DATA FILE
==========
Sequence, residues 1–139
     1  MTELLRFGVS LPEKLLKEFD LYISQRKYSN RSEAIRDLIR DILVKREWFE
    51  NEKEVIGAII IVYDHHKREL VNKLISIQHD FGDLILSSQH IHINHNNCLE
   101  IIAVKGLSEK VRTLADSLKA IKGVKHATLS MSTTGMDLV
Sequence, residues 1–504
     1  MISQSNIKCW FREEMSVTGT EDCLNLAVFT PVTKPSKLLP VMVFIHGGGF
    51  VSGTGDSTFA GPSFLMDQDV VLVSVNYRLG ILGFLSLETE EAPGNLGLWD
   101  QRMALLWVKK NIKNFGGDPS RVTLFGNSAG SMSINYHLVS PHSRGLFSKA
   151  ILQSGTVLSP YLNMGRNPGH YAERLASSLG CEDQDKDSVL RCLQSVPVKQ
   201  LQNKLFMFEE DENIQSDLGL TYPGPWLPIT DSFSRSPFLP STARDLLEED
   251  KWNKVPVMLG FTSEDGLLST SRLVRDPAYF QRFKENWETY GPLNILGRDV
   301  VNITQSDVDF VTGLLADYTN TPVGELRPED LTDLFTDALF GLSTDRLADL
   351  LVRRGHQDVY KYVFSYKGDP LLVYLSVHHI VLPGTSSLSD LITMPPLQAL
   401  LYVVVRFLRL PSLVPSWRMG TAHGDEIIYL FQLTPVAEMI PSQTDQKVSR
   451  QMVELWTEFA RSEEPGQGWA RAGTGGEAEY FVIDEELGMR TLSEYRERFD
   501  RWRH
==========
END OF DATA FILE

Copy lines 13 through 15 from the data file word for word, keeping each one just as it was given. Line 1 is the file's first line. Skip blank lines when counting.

   351  LVRRGHQDVY KYVFSYKGDP LLVYLSVHHI VLPGTSSLSD LITMPPLQAL
   401  LYVVVRFLRL PSLVPSWRMG TAHGDEIIYL FQLTPVAEMI PSQTDQKVSR
   451  QMVELWTEFA RSEEPGQGWA RAGTGGEAEY FVIDEELGMR TLSEYRERFD